EMC Enterprise Copy Data Management: EMC’s enterprise copy data management capabilities not only manages secondary, or archived data, but will now keep track of primary copies to optimize the number of copies of data that is kept by customers. This way, customers can align their business objectives with the redundancy that meets corporate and regulatory compliance.
ViPR 3.0 Controller: To meet the scale-out and software-defined needs of the modern datacenter, EMC announced that ViPR 3.0, its software-defined storage (SDS) controller will now allow any third-party array to be supported using its new software development kit (SDK). Neuralytix believes that broader support of third-party storage arrays better reflects the ideals of what SDS is designed to do.
Virtustream Storage Cloud: As cloud enablement is a key element to EMC’s vision of the modern datacenter, EMC announced the Virtustream Storage Cloud, which is a hyperscale object store, built using its Elastic Cloud Storage (ECS). This will allow customers to backup to an enterprise grade cloud; as well as providing capabilities such as archiving to an enterprise grade cloud.
Overall, Neuralytix believes these announcements align very well with its merger with Dell, and expect that these capabilities will be attractive to Dell’s customer base.
In many cases the success or failure of enterprise technology solutions is dependent on the services the vendor chooses to wrap around the products. Enterprise IT products and data centers are highly complex and require a considerable amount of maintenance and ongoing support. The introduction of MyService360, which is included with any current maintenance contract, attempts to provide customers with a simpler way to monitor and support the EMC infrastructure. While this is not a new concept in tech support, Neuralytix believes this offering has 2 main advantage. The first is the software does not need to be installed in the customer’s infrastructure. This is an advantage as the installation of yet another support and management tool is not something that most customers are interested in undertaking. The second advantage is the tool looks like it is easy to use and configure. Tools that are difficult to use and configure are often not deployed as widely throughout the customer base.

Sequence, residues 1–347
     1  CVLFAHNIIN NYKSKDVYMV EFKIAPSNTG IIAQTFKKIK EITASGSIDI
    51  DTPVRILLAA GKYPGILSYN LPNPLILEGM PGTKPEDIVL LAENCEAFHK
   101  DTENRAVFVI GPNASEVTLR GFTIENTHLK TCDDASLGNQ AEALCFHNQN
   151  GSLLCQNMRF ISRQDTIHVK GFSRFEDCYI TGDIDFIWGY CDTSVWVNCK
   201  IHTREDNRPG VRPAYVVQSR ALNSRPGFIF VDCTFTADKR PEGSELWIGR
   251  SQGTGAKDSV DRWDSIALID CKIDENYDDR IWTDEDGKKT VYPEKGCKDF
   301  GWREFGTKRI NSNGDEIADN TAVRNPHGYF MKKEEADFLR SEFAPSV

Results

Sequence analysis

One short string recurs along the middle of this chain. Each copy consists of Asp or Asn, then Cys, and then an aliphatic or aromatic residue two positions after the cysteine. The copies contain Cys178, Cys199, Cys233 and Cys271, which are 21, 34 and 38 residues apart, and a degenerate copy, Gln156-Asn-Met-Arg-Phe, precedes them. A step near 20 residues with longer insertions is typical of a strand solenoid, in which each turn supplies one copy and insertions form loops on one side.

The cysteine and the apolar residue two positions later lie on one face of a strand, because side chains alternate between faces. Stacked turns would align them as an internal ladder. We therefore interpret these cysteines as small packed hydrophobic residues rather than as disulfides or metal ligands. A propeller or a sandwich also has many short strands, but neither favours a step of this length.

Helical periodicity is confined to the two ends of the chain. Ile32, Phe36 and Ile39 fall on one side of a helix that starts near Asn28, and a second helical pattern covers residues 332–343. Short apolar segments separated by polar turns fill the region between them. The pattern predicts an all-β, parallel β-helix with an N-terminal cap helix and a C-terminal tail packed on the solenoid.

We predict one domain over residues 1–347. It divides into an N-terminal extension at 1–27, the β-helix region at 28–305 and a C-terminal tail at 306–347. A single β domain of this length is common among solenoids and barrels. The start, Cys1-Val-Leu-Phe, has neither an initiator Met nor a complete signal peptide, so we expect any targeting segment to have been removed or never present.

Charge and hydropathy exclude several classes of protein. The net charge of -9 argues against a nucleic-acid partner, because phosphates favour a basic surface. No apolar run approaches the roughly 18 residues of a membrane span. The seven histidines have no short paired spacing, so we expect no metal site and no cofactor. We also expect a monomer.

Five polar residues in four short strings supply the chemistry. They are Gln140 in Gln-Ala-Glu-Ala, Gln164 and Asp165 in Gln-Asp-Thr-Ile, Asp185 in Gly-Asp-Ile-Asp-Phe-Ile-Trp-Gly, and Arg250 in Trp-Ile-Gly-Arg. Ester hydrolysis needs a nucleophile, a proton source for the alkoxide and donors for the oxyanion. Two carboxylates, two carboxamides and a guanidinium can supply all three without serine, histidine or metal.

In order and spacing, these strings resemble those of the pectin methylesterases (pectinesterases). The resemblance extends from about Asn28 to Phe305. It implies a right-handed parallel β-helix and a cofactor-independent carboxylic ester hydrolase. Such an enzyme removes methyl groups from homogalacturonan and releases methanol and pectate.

In closing, Neuralytix was pleased with the announcements that EMC made today. However, given that they could not discuss many of the pressing questions regarding the upcoming acquisition, what they were able to discuss showed that they were starting down a positive path. Only time will tell if they are able to continue in that direction.
Ben Woo contributed to this Insight.